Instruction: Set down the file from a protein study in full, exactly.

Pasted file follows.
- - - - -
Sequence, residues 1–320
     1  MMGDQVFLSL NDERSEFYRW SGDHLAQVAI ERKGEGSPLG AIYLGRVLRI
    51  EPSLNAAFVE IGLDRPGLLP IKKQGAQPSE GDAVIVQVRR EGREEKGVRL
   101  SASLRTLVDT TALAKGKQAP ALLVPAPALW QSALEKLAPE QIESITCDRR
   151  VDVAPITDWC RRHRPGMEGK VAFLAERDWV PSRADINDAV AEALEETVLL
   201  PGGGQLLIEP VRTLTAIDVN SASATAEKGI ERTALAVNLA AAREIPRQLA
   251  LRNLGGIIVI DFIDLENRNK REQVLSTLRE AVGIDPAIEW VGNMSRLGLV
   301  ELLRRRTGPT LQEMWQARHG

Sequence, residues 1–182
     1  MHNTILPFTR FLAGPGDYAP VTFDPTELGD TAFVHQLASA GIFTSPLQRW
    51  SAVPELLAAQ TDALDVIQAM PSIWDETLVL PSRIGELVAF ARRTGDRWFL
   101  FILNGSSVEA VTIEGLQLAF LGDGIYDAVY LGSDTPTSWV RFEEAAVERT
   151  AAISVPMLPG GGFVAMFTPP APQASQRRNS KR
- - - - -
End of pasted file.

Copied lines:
Sequence, residues 1–320
     1  MMGDQVFLSL NDERSEFYRW SGDHLAQVAI ERKGEGSPLG AIYLGRVLRI
    51  EPSLNAAFVE IGLDRPGLLP IKKQGAQPSE GDAVIVQVRR EGREEKGVRL
   101  SASLRTLVDT TALAKGKQAP ALLVPAPALW QSALEKLAPE QIESITCDRR
   151  VDVAPITDWC RRHRPGMEGK VAFLAERDWV PSRADINDAV AEALEETVLL
   201  PGGGQLLIEP VRTLTAIDVN SASATAEKGI ERTALAVNLA AAREIPRQLA
   251  LRNLGGIIVI DFIDLENRNK REQVLSTLRE AVGIDPAIEW VGNMSRLGLV
   301  ELLRRRTGPT LQEMWQARHG

Sequence, residues 1–182
     1  MHNTILPFTR FLAGPGDYAP VTFDPTELGD TAFVHQLASA GIFTSPLQRW
    51  SAVPELLAAQ TDALDVIQAM PSIWDETLVL PSRIGELVAF ARRTGDRWFL
   101  FILNGSSVEA VTIEGLQLAF LGDGIYDAVY LGSDTPTSWV RFEEAAVERT
   151  AAISVPMLPG GGFVAMFTPP APQASQRRNS KR